Early-stage funds such as Revolution's Rise of the Rest Fund, Flyover Capital, and the Mercury Fund have made it their investment philosophy to work with startups outside of traditional tech hubs. Venture capital here is in the "early innings," Anna Mason, a managing partner at Revolution's Rise of the Rest Fund, which manages $300 million designated for investing in startups outside of major hubs, told me. "Everyone is still diamond hunting in roughs they don't understand."

The "FOMO" factor within venture capital may be reaching a high-water mark, but the competitive environment may be a blessing for startups raising rounds outside of Silicon Valley. Investors are shuttling around the country to "woo" founders, and many are rumored to win hot deals by "sending private jets, limousines, extravagant gifts, meals, sponsored Barry's boot classes, and more," remarked Lux Capital's Deena Shakir, a partner at the firm. In the last few months New York City-based Lux Capital has led deals in St. Louis, Austin, Texas, Emeryville, California, Salt Lake City, and Boulder, Colorado. Other coastal firms are following suit.

The gold rush taking place within venture capital will continue to draw more investors toward greener pastures and taller mountains.

Geographic diversity is a good thing for companies, workers, and the economy

Promisingly, clusters of tech hubs are beginning to germinate around the country. For example, the artificial intelligence sub-industry in California may be unmatched, but over a dozen metro areas are developing AI economies, according to the Brookings Institution. What's more, midsize US cities are seeing growth not just in tech, but in knowledge-based jobs, and rural economic innovation to support even smaller towns is becoming a policy priority as other industries move out or transition into knowledge industries. The US Innovation and Competition Act passed in the Senate in June, authorizing $10 billion to be spent over 5 years for the creation of regional tech hubs.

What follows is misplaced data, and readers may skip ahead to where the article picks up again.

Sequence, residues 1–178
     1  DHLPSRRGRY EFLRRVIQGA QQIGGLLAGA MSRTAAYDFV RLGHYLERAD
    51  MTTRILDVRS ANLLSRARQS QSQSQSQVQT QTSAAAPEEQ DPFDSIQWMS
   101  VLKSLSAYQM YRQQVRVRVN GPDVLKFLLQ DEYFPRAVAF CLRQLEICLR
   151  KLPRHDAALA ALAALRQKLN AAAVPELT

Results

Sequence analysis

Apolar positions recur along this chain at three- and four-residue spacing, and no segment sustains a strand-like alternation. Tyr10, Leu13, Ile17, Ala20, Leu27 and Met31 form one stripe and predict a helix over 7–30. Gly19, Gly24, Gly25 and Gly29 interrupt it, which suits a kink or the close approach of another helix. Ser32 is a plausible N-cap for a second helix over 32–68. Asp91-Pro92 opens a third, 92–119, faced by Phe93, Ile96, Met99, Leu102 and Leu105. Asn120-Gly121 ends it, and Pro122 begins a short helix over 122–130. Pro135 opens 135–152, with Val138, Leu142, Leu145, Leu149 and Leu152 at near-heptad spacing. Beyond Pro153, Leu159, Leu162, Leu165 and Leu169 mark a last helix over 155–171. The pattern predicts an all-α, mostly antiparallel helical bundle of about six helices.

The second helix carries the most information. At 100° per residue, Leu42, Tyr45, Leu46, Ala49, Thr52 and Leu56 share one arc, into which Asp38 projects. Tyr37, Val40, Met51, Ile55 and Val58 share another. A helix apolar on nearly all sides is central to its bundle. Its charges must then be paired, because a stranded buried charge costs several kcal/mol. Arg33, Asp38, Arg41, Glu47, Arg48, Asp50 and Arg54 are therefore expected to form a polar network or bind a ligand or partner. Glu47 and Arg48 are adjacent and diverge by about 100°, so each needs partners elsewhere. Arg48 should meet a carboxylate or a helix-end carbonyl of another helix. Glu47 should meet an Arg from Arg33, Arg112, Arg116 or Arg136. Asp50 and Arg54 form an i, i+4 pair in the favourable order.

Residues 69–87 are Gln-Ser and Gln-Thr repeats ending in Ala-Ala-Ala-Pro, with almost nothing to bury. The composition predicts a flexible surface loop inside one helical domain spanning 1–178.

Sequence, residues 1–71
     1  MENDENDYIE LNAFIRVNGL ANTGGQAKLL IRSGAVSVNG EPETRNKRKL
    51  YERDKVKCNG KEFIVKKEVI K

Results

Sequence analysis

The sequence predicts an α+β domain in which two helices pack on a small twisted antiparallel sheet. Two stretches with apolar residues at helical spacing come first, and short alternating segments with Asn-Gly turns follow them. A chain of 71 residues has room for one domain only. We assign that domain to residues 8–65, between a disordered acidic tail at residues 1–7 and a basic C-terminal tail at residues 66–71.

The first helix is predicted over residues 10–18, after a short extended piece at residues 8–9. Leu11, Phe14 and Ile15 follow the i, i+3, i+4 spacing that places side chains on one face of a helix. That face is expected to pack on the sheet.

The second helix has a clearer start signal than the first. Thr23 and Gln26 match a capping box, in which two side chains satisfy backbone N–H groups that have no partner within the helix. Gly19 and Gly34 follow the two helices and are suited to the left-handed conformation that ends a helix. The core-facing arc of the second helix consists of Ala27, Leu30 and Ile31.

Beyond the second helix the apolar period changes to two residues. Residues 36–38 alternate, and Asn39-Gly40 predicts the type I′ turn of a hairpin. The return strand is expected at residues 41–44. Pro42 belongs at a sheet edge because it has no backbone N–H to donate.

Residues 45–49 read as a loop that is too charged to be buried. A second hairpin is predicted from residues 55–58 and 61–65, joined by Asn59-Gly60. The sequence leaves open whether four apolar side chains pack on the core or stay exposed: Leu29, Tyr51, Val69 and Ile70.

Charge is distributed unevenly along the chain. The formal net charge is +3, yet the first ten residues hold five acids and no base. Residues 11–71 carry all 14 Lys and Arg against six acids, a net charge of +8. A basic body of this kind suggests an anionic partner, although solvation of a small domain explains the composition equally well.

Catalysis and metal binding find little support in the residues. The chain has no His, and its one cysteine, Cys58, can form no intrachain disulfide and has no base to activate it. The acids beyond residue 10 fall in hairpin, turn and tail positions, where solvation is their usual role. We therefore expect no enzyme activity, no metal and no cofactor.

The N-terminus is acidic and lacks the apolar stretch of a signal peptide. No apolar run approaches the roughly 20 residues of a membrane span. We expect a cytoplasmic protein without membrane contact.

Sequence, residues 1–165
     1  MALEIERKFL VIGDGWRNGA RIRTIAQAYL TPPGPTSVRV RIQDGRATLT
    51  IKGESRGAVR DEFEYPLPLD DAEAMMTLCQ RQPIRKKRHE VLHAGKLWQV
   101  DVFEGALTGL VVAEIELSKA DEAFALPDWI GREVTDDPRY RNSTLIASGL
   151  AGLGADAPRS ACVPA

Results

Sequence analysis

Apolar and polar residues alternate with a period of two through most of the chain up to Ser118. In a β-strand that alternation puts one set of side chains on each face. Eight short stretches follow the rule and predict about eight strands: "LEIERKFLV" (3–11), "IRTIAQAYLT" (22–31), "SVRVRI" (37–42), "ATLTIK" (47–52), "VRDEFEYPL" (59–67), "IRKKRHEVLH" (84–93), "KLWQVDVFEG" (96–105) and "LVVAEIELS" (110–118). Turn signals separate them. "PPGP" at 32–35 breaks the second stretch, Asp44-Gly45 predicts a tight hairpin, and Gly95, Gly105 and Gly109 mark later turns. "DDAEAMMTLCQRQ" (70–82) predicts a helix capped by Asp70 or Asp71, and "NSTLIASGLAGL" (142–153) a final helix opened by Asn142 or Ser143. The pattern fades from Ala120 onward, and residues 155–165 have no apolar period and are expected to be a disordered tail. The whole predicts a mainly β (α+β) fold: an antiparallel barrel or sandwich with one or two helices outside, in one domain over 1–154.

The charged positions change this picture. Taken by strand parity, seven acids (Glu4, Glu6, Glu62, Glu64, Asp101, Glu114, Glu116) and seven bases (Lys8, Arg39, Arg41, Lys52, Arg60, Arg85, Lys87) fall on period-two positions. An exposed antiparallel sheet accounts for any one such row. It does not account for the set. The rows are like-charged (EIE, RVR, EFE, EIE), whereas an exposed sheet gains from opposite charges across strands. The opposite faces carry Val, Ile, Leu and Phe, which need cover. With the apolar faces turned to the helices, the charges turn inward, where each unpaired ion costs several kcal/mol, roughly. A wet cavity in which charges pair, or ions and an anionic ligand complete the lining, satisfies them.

Remote work could be the great equalizer for the economy. Geographic diversity would help reduce regional economic and cultural divides between the coasts and the American interior. For the last two decades, the winners of the tectonic shift to an increasingly tech- and knowledge-based economy have been superstar cities - metropolises with legacy information industries, access to world markets, and global research institutions. If the most successful firms in the knowledge economy depend on employees to have a range of skills, experiences, and perspectives, inevitably, geographic diversity becomes good for business and leads to stronger ideas and robust innovation.

For workers, remote work allows access to higher wages and lower costs of living. A developer in Dallas will make only $35k a year less on average than a developer in the Bay Area, yet a home in Dallas will cost only a quarter of the cost of a single family home in San Francisco.

"A plus about not being in the Bay Area is that you don't have a homogeneous view on everything," remarked Paul Powers, who founded the Ohio-based 3D-modeling firm Physna. "We have more diversity of opinion."

To find success outside the Valley, VCs and startups must have regional partners on the ground to sustain the syndication of funding. In fact, it is that co-investment and on-the-ground knowledge that is necessary for larger investments. While regions continue to "build bridges and pathways to the Valley and New York," as Anna Mason noted, education about local ecosystems and labor forces will also need to ramp up as coastal venture firms make their way into uncharted territory. Powers, who raised venture rounds from Drive Capital, Sequoia Capital, and Google Ventures, felt this unfamiliarity personally: "People looked at me as if I was from Pyongyang, when I was from Ohio." Progressively, familiarity will need to be fostered with newer startup markets.

If the Silicon Valley venture capitalist's rule of the past was to invest only in startups that are within reasonable distance, today they are geographically unbound and exploring mid-tier cities. Proximity and time zone are trivialized by the opportunity in finding startup "oil wells".

The confluent shifts in the geography of labor and capital as a result of the transition of work onto the cloud is an opportunity for a dispersed labor and venture capital market. That, in due time, will lead to a stronger US economy built on many frontiers.